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NA walkouts by govt allies and foes

ISLAMABAD, Sept 3: Both government allies and foes staged walkouts on the opening day of a National Assembly session on Monday mainly over higher petroleum prices and sectarian violence before the house decided to hold a law and order debate with the interior minister promising to unveil ‘conspiracies’.

The separate walkouts by the government-allied MQM and ANP to protest at the latest increase in the prices of petroleum products and by the PML-N over this and other perceived government ‘failures’ came after the elder son of former prime minister Yousuf Raza Gilani replaced his father in the house with a thunder.

Interior Minister Rehman Malik said he would disclose what he called conspiracies behind the highly publicised blasphemy charge brought against a minor Christian girl by a prayer leader of a mosque in Islamabad last month as well as a new wave of sectarian attacks in various parts of the country after the house adopted his motion for a debate on the law and order situation.

No date was fixed for the debate which could commence on Wednesday — Tuesday being the private members’ day devoted to private bills and motions — and continue for two days.

MQM lawmakers were the first to walk out after one of them, Abdul Kader Khanzada, protested against what he estimated as about 25 per cent increase in the prices of petroleum products in the past two months and asked why a house committee set up for prior approval of such increases had not been consulted.

While Deputy Speaker Faisal Karim Kundi, who chaired the proceedings in the absence of Speaker Fehmida Mirza, promised to look into the committee’s fate, PML-N’s senior parliamentarian Ahsan Iqbal advised the MQM to “walk out of the government” led by the PPP and join the opposition rather than walking out of the house.

Then Mr Iqbal, who is the deputy secretary general of his party, launched his own tirade against the government over not only the petroleum prices but also the general state of affairs, including electricity loadshedding, sectarian and other violence such as in Karachi, Balochistan, Khyber Pakhtunkhwa and Gilgit-Baltistan — though he did not talk about Punjab that is ruled by his party — US drone attacks in the tribal areas, and economic performance that he said had brought the country “on the brink of default” before announcing the walkout against “all these failures of the government”.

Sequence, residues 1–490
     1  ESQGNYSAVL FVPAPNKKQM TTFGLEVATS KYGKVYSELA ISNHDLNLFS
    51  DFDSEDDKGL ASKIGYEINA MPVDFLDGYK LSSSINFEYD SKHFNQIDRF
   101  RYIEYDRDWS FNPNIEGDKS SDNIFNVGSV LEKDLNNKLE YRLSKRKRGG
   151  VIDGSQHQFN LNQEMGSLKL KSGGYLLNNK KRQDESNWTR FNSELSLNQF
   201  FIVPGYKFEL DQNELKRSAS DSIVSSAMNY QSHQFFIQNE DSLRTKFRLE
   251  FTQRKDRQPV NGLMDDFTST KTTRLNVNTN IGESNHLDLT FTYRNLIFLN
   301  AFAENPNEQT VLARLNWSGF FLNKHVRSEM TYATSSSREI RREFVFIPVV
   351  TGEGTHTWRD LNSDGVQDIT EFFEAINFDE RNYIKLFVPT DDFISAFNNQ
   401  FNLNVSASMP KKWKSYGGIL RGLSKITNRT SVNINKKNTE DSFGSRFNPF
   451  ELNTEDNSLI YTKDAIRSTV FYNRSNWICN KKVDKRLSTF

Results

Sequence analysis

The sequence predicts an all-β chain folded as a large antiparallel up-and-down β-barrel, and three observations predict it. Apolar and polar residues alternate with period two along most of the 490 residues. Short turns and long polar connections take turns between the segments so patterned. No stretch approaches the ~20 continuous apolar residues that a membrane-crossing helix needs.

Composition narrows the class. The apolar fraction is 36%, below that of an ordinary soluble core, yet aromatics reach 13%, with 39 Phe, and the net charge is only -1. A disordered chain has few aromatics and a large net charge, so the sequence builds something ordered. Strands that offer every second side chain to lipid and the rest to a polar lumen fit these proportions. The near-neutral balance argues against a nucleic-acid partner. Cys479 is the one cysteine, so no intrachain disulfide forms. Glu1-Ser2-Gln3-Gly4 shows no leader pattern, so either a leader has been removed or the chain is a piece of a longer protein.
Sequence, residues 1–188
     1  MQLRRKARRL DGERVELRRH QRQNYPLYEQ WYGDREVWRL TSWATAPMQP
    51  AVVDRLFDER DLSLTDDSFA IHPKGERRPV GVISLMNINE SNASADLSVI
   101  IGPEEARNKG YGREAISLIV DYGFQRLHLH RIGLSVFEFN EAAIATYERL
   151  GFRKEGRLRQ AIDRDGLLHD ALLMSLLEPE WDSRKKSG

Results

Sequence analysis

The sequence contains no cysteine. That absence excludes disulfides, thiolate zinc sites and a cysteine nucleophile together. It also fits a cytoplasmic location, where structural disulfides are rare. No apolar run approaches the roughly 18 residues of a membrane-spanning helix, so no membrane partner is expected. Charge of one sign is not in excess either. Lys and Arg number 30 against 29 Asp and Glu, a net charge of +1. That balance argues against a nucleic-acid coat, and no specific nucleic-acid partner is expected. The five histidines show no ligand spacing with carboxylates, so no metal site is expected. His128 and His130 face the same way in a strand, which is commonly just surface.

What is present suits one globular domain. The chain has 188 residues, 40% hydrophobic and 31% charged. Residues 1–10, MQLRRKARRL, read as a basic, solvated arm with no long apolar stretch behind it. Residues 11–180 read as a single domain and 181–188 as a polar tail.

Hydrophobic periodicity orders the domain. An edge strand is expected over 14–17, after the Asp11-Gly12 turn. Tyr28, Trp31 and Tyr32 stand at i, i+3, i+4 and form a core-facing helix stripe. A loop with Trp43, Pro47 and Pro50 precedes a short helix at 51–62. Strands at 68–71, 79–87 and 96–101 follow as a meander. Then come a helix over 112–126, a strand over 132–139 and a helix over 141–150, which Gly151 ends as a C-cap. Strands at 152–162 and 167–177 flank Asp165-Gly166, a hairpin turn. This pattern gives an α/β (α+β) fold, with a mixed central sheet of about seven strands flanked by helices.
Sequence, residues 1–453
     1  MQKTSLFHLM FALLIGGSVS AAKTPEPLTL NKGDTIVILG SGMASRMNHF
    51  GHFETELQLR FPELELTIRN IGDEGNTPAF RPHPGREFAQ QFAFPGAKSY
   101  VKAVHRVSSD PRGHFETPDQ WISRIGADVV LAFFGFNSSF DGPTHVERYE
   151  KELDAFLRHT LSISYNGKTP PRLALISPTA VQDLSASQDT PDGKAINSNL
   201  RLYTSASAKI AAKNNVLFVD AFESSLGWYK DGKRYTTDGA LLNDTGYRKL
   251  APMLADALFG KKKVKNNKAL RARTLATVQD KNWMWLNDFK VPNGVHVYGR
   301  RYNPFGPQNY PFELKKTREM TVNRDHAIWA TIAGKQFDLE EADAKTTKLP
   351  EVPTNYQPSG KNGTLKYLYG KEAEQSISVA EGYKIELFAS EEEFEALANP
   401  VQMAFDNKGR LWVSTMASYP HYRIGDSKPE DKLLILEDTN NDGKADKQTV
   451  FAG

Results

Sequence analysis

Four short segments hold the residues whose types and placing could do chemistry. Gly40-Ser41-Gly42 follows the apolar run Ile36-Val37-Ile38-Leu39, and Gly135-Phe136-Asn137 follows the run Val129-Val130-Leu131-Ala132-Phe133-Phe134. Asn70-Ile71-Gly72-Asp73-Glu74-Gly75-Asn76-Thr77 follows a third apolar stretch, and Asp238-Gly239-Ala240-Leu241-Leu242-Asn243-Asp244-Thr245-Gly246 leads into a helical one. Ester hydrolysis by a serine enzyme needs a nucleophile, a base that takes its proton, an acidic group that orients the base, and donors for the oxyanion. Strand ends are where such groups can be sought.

The PML-N lawmakers, including Leader of the Opposition Chaudhry Nisar Ali Khan who came to the house after Mr Iqbal had begun his speech but did not take the floor, did not return to the house for the remainder of the sitting, which saw the ANP’s token walkout over petroleum prices much later in the day after their lawmaker Haider Ali Shah, a member of the house committee on petroleum affairs, alleged that the proportion of domestic price increases was often more than the international price hikes.

From the government side, Defence Minister Naveed Qamar pointed out that it was the Oil and Gas Regulatory Authority that determined domestic petroleum prices in proportion to international prices and reminded critics that “the government does not fix oil prices”.

But there was no government response to MQM’s query that why the house committee was not being consulted.

Responding to questions raised through points of orders by several members about sectarian attacks and the arrest of a Christian girl on the complaint of a mosque imam for allegedly burning pages from the holy Quran, the interior minister said he would inform the house about what he called ‘conspiracies’ behind these incidents and would also propose to Prime Minister Raja Pervez Ashraf to ask for an in-camera briefing to the house.

A member of the government-allied PML-Q, Nosheen Saeed, and MQM’s Wasim Akhtar questioned the justification of a continued detention of the Christian girl after an Islamabad court got evidence accusing the mosque imam, Khalid Jadoon Chishti, of inserting pages from the holy Quran in a bag allegedly found with burned papers in her bag.

But the interior minister, who promised to “expose the real conspiracy tomorrow”, said legal requirements had to be met after the registration of a first information report with police.

Former prime minister Gilani’s son, Abdul Qadir Gilani, made a high-pitched speech from a back bench, punctuated by some “jiay Bhutto” slogans from his supporters in the visitors’ galleries, after taking oath as a member of the house to which he was elected in July for the seat vacated by the disqualification of his father by the Supreme Court over a contempt of court conviction.

Describing the ouster of the former prime minister from the lower house as “unconstitutional, undemocratic and immoral”, he said: “Yousuf Raza Gilani is (now) present in this house in my person.”

He had a swipe at the judiciary when he referred to the dismissal of pre-arrest bail petitions of his younger brother and house member Ali Musa Gilani and PPP’s textile industry minister Makhdoom Shahabuddin by the Rawalpindi bench of the Lahore High court earlier in the day in a case of alleged illegalities in an ephedrine drug import, and said it would not have happened “if they had their fathers’ court”.

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